Everyday, I travel the Washington Metro Area Transit Authority – usually on the DC area trains, but occasionally on local buses and commuter rails as well. Increasingly, I am frustrated by the ability of the transit system to handle schedules, broken escalators, delays and weather conditions and a myriad of other challenges that should be met handsomely by the mass transit system of the capital city of the United States.
At one time, the Washington Metro system was considered one of the finest in the country but as the region has exploded and ridership increases, the antiquated “single track” systems that does not allow for such things as “Express Trains” (as they have in NYC), the ubiquitous broken escalators (I’m convinced that at any given time, 33% of Metro escalators are out of service) and the pitiful hours of operation (that assumes that the only time people are in the city are work hours) has turned the system into a laughable system. An overqualified system, with underqualified management.
But my unhappiness with the Metro system is not the point of this post, except to highlight the inability of a multi-jurisdictional system to manage itself appropriately. The real segue here is to point to the mismanagement of the WMATA’s technical prowess.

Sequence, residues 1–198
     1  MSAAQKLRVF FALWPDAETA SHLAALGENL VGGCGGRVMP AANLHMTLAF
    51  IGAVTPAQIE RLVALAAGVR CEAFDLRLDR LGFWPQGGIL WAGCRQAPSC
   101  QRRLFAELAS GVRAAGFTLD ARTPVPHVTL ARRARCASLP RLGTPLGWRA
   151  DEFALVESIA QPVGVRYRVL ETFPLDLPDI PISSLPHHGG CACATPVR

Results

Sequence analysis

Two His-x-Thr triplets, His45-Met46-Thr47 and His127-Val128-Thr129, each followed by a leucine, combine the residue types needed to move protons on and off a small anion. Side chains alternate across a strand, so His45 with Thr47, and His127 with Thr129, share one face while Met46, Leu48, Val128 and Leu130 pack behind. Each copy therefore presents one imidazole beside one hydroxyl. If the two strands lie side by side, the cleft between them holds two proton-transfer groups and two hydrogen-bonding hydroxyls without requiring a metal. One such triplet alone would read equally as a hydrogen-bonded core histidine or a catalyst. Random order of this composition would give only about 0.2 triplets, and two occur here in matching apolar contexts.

- Image by Son of Groucho via Flickr
According to Greater Greater Washington, the WMATA has terminated conversations with Google over a refusal by the internet search giant to pay for data having to do with transit schedules for it’s Google Transit service. Google Transit provides a way for users to map their routes from point A to point B using a combination of driving, mass transit and walking directions.
The premise for the argument is that WMATA is attempting to monetize their own website and data and fears that Google will undermine its own ability to monetize.
As DCist points out, even though WMATA has a new user interface for their site, it performs slowly and schedule information is still tucked away in PDFs.
Time and again, it has been proven that the world operates in an open environment on the web. Open access encourages innovation. It also floats talent to the top. Just ask the Summize guys who, after only a few months of existence as a company operating on the open Twitter API, were acquired by Twitter simply due to their massive talent. Ask the SocialThing guys who, although the API-mashup service itself sucked, were acquired by AOL for the talent-base.
Peter Corbett, of iStrategyLabs who has consulted for the Office of the Chief Technology Office for the District, says that what people don’t realize is that there is realtime data not being exposed anywhere including realtime GPS data for every bus in the city. This data is crucial for real time mapping, something that is not currently done anywhere.
There also seems to be a significant customer outcry against this lack of openness and transparency and one wonders what a massive sit-in protest that ground the Metro Center train station to a halt during the Inauguration would do. Technosailor.com would happily sponsor such an event.